By Rick Emert, Fort Carson MountaineerMay 15, 2009
FORT CARSON, Colo.-Normally imposing and lethal, the Bradley Fighting Vehicle, M1A2 Abrams tank and AH-64D Apache Longbow helicopter were among the biggest draws for children and adults at the Fort Carson Open House May 9.
Fort Carson opened up to the public for the event, and community members from Colorado Springs and some future Soldiers from Denver braved chilly temperatures and the wind to attend.
Several weapons systems were on display at Butts Army Airfield for the event, and Soldiers were on hand to explain their capabilities.
"This is a good opportunity for civilians to come on post and see what we actually do," said Sgt. Lesley Denny, 60th Ordnance Company, 68th Combat Sustainment Support Battalion, 43rd Sustainment Brigade. "They've been asking about the capabilities of the Palletized Load System. We let some of the kids go inside and look at it up close."
Fort Carson Fire Department crews demonstrated how they react to emergency situations, and military police working dogs and their handlers showed how the dogs can sniff out explosives and subdue criminals.
World Class Athlete Program Soldiers demonstrated several sports, including fencing and boxing.
Family Readiness Groups sold food and refreshments at the event, and the Directorate of Family and Morale, Welfare and Recreation had several informational booths set up.
The Denver Recruiting Battalion set up a climbing wall and skills simulator, and the U.S. Air Force Academy combination band, Blue Steel, performed in the afternoon. The Kory Brunson Band from Denver also performed at the open house.
"This is amazing," said Todd Zurcher from Colorado Springs, who was visiting Fort Carson for the first time. "I'm glad they opened it up to the public. I'm really looking forward to seeing the Apache. You hear about it all the time in the news and see it in movies. I'm excited to see one up close."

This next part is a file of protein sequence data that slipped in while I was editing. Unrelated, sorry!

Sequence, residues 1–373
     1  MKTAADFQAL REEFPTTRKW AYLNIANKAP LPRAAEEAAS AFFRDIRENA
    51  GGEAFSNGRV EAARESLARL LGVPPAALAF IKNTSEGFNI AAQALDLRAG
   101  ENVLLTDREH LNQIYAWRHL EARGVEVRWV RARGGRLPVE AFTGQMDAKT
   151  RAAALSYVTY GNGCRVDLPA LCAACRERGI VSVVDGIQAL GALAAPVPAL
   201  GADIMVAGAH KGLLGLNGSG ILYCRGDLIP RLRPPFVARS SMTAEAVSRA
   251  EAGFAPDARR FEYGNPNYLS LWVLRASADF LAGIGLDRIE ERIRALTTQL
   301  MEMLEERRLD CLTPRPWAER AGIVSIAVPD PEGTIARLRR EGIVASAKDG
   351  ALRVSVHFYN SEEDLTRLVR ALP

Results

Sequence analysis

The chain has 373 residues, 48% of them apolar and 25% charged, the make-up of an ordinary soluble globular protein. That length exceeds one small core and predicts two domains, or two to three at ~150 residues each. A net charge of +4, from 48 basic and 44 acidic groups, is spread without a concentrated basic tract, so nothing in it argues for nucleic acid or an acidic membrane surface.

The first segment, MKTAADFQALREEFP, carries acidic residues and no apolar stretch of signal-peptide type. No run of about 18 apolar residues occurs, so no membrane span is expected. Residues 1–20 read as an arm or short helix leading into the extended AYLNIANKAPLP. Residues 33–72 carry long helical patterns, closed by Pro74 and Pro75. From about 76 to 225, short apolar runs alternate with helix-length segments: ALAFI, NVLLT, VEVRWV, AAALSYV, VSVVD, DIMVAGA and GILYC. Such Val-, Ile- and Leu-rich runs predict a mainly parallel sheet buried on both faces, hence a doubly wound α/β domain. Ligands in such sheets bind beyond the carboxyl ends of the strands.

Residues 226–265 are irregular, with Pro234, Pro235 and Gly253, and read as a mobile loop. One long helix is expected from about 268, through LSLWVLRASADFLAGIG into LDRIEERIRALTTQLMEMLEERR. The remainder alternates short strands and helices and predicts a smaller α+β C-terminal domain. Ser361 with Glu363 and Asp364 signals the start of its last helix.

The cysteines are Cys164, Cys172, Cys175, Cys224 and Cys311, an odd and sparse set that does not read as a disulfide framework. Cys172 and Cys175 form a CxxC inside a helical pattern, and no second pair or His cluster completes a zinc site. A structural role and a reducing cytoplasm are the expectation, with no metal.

Zurcher said the presentations from the Soldiers running the displays were informative.
"They (Soldiers) have been very friendly and polite. Everything they say starts with 'sir' or 'ma'am,'" he said.
Jared Majors was a future Soldier from Denver who enlisted in the Delayed Entry Program. He brought his wife, Brandy, and daughter, Renee, to the event.
"I'm looking forward to seeing the Army housing," said Brandy of the bus tours of the post, another popular attraction at the event. "I don't know exactly what to expect as an Army wife, but this will help me with that. I'm excited about it."
In the opening ceremony, Maj. Gen. Mark A. Graham, commanding general of Division West (First Army) and Fort Carson thanked members of the community for attending the event.
"We're glad to have you at the Mountain Post today. We're your Army. We thank you for being here," he said. "It's been a long time since Fort Carson had an open house."
Graham invited the community members to speak to the Soldiers about the weapons they use in defending the nation.
"We have some super displays out here to show you what American Soldiers do for a living, and that is defend the freedoms that we so much enjoy," Graham said. "As you go around today and see these great American Soldiers, I ask you to thank them for what they do. We're proud of what they do. There's no Army in the world better than this Army, and that's because of the great young men and women who join our Army.
"We're proud to be here. We're proud to say we are your Army."